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We go from uncertain ground... to uncertain ground
I am only a pony, and not good at counting, but I think it is the fifth day since we left my old misery behind, and we have not gone far this day before leaving behind us the most recent misery, the last of the straggling pools and reed-beds of the marshes – and those miserable midges! It is such a relief!
The land is rising steadily under my hoofs, and reassuringly firm it is, and prospects look bright for the future, for ahead of us against the eastern sky there is a line of higher ground, hills. Give me higher ground any day, even if I must climb to meet it!
(I’d rather go uphill than down, actually, for at least there’s a “downhill” on the other side to look forward to, where when one is moving down a hill, one must watch one’s step more closely, and there is also the inevitable “uphill” to follow.)
My load is shifting about on my back, for a strap has come loose. My Sam notices fairly quickly, before it can rub my skin raw, and he sends young marsh-stinking hobbit to pull at the Ranger’s sleeve, for a short stop to adjust things.
A stitch in time saves nine, says my Sam as he pulls some of the bags off, shifts the load, and tightens the offending strap. ‘Ah, here’s the trouble. The leather has stretched a bit from the damp. We’ll have to move it up one notch.’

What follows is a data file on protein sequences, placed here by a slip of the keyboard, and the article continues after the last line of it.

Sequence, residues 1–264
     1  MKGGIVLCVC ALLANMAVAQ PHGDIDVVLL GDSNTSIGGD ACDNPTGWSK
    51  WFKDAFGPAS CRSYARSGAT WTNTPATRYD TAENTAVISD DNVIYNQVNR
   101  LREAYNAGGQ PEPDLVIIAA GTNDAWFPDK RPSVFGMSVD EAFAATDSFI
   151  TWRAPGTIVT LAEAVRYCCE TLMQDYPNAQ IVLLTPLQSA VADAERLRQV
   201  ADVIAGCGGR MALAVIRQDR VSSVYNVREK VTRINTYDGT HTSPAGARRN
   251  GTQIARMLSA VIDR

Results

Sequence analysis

Meanwhile, young marsh-stinking hobbit is taking full advantage of the halt, to press his questions upon our guide.
‘What is that?’ he says, pointing to the highest of the hills ahead, at the right of the line, and a little set apart from the others. ‘Does it have a name? It looks as if it ought to be a landmark of sorts.’
‘That is Weathertop,’ the man says, and goes on to tell how the Road runs to the south of it, passing not far from its foot. It seems that we might reach it by noon on the morrow, if we go straight towards it.
There is some discussion as to the best course, and for the first time the smell of uncertainty comes from the man to my nostrils. He thinks that our pursuers might make for the spot, and any birds or beasts now upon that hilltop could see us where we are stopped, and even as we continue to travel in this open land. The thought of wolves or other such creatures makes me shudder where I stand, and my Sam soothes my forehead even as his eyes search the pale sky.
‘You do make me feel uncomfortable and lonesome, Strider!’ he says.
I rub my nose against his sleeve. I’m here. He smiles absently, but it is more of a grimace than a smile and the comfort I offer is fleeting, for he turns away from me to listen as the Master speaks.
‘What do you advise us to do?’
As if recalled to our journey, my Samwise picks up the bags he’d removed and begins to resettle my burden in place. I pay no heed, however, for I am listening intently. The smell of uncertainty intensifies, such that I should think the hobbits could smell it, even above the lingering reek of swamp that comes from young apples-and-mischief – at least, I wish he still smelled of apples. It would be something in this land of browning grass.
The man speaks slowly. We are not to go direct for Weathertop after all, but for the line of hills. I am glad to hear that he doesn’t expect me to struggle up hill and down again, but that he plans to strike a path that runs at their feet, bringing us to Weathertop from the north.
I certainly hope that he knows what we are doing!
A/N: Some material in this chapter was taken from "A Knife in the Dark" in The Fellowship of the Ring by J.R.R. Tolkien.
After being up all night with a sick child I have reached that dreamy point where one's imaginings run freely, and with said child finally asleep, I even have a little bit of writing time.
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